Among the overarching themes identified by the 1999 initiative was the importance of unlocking access to Biscayne Bay. That led to the state’s decision in 2001 to provide the funding for the Trust for Public Land to develop a strategic access plan.
“To develop the Biscayne Bay Strategic Access Plan required TPL to consider and analyze numerous essential Bay access elements that aren’t obviously related or interconnected, but in fact are,” said Trisha Stone, a biologist in the coastal division of the South Florida Water Management District and the contract manager for the access plan project. “TPL has worked tirelessly to combine these elements to create an access plan that can be used by the many Biscayne Bay stakeholders to improve access for everyone and provides them the challenge to do so!” The District is a member of the Biscayne Bay Regional Restoration Coordination Team, and considers the restoration of Biscayne Bay a vital part of the ecosystem restoration task force.
The group of about three dozen individuals on the access advisory team reflected a cross-section of interests – the environment, tourism and recreation, government, education, business, and planning and resource management. Together, they represented a wealth of knowledge and experience in fields with a direct bearing on Biscayne Bay and the issues shaping its future. They are also familiar with the previous research and recommendations about the Bay and took advantage of this valuable body of knowledge.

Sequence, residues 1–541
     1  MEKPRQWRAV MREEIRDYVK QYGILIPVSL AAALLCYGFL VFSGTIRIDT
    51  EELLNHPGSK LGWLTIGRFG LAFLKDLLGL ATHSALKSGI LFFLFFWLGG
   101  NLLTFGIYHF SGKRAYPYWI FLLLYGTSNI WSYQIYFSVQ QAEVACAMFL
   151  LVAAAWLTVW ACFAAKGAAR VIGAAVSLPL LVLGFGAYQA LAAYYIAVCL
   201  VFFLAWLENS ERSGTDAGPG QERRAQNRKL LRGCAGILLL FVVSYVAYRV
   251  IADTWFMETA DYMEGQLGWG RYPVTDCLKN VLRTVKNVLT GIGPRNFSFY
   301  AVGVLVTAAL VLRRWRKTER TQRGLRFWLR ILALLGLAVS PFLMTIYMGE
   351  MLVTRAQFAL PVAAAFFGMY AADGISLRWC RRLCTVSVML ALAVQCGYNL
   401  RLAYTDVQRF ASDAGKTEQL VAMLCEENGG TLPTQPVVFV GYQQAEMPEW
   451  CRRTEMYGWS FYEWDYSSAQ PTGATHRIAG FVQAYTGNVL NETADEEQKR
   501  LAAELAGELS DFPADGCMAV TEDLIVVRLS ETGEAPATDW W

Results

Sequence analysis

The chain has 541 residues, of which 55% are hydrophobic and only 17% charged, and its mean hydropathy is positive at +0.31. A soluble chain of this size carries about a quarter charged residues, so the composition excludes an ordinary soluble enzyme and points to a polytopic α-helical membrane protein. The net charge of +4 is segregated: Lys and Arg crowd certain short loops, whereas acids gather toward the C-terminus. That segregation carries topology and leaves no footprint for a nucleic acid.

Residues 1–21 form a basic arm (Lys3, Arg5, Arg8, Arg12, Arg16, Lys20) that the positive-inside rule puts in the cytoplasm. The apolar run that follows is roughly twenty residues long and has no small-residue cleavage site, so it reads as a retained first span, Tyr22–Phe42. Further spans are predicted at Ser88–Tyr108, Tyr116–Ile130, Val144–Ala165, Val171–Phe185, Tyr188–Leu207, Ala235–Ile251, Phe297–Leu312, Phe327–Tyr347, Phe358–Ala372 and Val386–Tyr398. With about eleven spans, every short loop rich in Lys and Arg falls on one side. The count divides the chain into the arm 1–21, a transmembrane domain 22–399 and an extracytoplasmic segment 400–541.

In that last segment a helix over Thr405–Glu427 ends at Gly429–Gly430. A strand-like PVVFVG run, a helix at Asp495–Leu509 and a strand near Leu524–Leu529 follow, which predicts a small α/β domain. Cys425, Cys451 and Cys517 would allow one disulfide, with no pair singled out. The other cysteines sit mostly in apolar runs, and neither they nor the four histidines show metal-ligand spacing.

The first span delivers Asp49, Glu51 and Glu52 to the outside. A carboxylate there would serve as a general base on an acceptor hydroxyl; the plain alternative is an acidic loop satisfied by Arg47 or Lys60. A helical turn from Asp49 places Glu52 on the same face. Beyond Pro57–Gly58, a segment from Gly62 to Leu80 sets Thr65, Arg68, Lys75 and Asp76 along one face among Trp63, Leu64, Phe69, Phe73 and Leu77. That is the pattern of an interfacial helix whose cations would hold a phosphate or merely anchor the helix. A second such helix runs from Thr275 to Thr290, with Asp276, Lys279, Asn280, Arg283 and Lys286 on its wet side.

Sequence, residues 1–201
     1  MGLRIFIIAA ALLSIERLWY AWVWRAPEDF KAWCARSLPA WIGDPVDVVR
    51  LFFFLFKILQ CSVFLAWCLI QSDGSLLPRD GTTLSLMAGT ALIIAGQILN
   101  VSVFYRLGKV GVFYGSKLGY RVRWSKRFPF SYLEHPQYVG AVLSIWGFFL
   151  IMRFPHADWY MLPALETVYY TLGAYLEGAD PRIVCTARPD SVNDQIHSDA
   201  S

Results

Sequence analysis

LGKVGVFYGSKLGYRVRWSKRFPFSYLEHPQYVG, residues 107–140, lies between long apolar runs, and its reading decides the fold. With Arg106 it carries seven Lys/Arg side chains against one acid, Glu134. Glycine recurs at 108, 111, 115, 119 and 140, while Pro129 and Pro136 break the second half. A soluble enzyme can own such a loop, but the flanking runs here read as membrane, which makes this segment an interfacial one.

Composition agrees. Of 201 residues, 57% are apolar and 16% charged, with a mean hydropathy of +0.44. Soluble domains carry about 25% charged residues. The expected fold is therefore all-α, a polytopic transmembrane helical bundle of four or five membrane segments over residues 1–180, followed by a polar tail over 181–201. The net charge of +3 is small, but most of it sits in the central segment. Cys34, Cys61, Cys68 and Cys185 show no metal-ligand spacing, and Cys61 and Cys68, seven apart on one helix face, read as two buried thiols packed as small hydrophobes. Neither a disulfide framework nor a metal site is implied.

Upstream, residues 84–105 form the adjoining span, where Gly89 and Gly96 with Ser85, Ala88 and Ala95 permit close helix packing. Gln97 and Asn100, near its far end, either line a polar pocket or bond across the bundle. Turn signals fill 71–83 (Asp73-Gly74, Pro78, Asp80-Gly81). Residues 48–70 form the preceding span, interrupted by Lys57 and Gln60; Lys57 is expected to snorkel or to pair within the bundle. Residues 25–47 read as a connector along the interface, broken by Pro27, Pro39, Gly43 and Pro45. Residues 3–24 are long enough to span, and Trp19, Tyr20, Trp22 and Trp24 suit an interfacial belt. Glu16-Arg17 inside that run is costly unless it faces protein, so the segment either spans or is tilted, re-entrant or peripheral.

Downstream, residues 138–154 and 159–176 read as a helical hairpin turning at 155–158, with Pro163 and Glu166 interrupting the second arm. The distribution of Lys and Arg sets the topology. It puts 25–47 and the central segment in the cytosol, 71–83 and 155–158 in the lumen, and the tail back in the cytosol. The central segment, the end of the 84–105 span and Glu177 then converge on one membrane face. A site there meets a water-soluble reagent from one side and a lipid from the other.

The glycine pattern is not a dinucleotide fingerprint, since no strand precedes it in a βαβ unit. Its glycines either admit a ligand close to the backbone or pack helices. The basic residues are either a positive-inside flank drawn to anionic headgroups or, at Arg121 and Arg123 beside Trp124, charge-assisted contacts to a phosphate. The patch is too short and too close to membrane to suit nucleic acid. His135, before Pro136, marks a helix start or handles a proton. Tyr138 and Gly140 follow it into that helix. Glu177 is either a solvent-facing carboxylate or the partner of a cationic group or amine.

With the South Florida Regional Planning Council’s Institute for Community Collaboration and the advisory team, TPL conducted a series of meetings, workshops, brainstorming sessions and research activities, which formed the framework for a vision of the Bay’s future and a strong consensus about what needs to happen right away and in the future.
“I want to see as much public access to the bayfront set aside today, because tomorrow it will be too late,” says Nancy Lee, who represented Miami’s Stiltsville Trust on the advisory team. “As Martin Luther King said, ‘There is an invisible book of life that faithfully records our vigilance or our neglect.’ I would like us all to be remembered for our vigilance in retaining and providing public access to Biscayne Bay for future generations. Let that be our legacy.”
An 8-page executive summary of the full plan is available for download now at www.tpl.org/florida. For more information or to obtain a complete copy of the report, call the Miami Office at (305) 667-0409.
The Trust for Public Land (TPL) is a national nonprofit land conservation organization that conserves land for people to enjoy as parks, gardens, and natural areas, ensuring livable communities for generations to come. Since its founding in 1972, TPL has helped protect more than 1.6 million acres of land in 45 states. In Florida, TPL has protected more than 290 sites as community parks, waterfronts, historic sites, greenways and trails. The Trust for Public Land depends on the support and generosity of individuals, foundations, and businesses to achieve our land for people mission. For more information please contact us at (415) 495-4014 or visit us on the web at www.tpl.org